Globally, significant ocean current streams are largely concentrated on the eastern coasts of continents because of the earth’s rotation, and, especially in the more northerly and southerly latitudes, because of lunar gravitational pull.
In addition, there are locations where the topography creates significant flows, such as the Chacao Channel in southern Chile. It has been said that more water flows past Fort Lauderdale, Florida than is contained in all the rivers of the world combined. Unfortunately, most devices at present rely on massive bases to withstand the force of the current; this restricts the depths in which they can operate, since the swiftest currents are near the surface such as the Gulf Stream off the coast of Florida.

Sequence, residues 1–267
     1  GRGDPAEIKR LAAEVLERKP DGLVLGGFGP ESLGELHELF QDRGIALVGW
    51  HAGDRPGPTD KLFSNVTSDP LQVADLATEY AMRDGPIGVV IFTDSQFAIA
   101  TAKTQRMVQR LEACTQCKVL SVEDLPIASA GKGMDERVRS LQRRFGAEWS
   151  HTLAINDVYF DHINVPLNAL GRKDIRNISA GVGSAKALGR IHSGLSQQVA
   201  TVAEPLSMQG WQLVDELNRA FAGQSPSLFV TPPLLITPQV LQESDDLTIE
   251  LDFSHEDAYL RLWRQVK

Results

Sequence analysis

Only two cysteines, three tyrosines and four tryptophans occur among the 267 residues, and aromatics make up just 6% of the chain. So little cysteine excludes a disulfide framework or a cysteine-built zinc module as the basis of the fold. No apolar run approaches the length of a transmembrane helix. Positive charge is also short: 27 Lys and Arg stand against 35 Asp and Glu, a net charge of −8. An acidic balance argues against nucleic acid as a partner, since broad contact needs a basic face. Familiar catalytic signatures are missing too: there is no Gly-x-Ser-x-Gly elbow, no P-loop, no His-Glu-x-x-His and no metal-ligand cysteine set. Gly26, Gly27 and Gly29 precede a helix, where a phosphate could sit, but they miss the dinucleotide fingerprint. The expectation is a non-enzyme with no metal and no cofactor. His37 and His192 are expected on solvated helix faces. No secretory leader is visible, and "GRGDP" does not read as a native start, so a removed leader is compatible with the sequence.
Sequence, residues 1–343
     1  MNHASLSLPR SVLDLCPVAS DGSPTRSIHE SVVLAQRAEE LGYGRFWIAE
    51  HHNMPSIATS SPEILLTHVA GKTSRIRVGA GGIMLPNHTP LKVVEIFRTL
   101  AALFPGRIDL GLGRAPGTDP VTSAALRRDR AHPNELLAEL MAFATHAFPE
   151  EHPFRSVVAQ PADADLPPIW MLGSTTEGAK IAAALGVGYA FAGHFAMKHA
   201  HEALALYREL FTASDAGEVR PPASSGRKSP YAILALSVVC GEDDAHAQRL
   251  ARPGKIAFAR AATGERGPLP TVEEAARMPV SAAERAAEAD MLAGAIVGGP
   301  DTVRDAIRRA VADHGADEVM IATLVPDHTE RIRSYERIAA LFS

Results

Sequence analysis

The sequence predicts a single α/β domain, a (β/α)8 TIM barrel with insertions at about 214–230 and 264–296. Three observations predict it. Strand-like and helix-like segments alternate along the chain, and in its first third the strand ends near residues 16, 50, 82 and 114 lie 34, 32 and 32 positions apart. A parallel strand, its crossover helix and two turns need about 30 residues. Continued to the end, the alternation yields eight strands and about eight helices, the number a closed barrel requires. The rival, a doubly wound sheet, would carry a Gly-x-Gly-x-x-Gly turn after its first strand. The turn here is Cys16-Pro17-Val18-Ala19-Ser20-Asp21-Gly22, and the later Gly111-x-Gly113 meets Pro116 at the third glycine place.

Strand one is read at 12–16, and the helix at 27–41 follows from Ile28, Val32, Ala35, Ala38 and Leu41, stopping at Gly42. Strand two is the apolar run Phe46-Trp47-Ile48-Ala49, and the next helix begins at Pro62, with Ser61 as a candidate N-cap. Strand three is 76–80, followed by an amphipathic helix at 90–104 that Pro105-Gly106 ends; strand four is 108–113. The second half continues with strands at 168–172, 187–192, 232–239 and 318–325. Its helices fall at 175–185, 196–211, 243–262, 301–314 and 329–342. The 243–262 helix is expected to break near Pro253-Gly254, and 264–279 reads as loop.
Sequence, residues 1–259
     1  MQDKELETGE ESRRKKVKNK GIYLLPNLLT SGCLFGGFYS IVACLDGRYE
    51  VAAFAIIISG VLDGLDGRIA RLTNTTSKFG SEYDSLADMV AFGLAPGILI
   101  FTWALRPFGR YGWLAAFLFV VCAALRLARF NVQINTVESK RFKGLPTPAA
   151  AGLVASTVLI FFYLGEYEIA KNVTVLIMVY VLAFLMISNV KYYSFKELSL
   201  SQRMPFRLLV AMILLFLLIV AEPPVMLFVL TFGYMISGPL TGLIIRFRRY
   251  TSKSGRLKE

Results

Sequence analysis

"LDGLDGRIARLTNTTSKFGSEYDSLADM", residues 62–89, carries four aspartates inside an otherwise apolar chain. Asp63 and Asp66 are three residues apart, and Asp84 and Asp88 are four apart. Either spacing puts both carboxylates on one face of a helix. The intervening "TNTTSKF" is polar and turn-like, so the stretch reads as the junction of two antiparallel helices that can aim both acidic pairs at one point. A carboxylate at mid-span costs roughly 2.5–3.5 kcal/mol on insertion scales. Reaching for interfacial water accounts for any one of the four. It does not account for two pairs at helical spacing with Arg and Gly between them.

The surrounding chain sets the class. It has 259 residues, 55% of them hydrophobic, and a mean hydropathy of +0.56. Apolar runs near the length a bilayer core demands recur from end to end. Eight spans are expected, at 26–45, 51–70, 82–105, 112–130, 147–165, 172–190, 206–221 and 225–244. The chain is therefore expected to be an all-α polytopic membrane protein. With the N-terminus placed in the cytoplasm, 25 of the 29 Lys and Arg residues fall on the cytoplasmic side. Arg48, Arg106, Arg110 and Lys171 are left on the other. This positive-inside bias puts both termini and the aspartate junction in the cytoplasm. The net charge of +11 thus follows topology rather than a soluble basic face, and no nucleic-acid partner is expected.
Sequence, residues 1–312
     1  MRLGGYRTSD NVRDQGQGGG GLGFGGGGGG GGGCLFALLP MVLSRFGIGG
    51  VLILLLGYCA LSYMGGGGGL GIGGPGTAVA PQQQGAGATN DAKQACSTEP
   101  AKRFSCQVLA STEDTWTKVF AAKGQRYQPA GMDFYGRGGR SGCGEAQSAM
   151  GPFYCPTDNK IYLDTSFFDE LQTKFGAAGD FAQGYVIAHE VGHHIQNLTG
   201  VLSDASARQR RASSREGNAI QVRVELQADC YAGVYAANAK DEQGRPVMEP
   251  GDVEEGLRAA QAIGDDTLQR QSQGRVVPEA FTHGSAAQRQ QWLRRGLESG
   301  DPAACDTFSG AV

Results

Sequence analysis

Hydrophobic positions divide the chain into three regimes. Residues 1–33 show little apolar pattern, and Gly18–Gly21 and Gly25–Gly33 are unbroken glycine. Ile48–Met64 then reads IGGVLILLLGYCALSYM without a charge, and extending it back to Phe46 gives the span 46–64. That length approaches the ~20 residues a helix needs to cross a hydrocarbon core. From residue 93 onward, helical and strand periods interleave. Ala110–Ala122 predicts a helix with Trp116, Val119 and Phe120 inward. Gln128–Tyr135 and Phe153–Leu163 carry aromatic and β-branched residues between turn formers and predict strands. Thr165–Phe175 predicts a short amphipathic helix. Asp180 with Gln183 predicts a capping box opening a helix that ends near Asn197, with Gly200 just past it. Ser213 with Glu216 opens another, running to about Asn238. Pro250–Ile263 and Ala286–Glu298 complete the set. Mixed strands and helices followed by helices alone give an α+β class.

A major problem in trying to exploit these flows is transmitting the energy to market. For example, the southern end of Argentina and the east coast of Sakhalin Island, Russia, each have potentially productive ocean current energy generation sites, but lack nearby markets for electricity. By contrast, in South Africa, where the Agulhas Current is located, the local utility is seeking to develop the country’s extensive solar resources in the Kalahari Desert, far from its industry, which is located mostly on the water and therefore much nearer to the aforementioned current. Naturally, ocean current energy generation could be economically feasible in this case, because of the advantage it has in proximity to the consuming market. Other similar prime locations include Florida, Japan, Korea and China.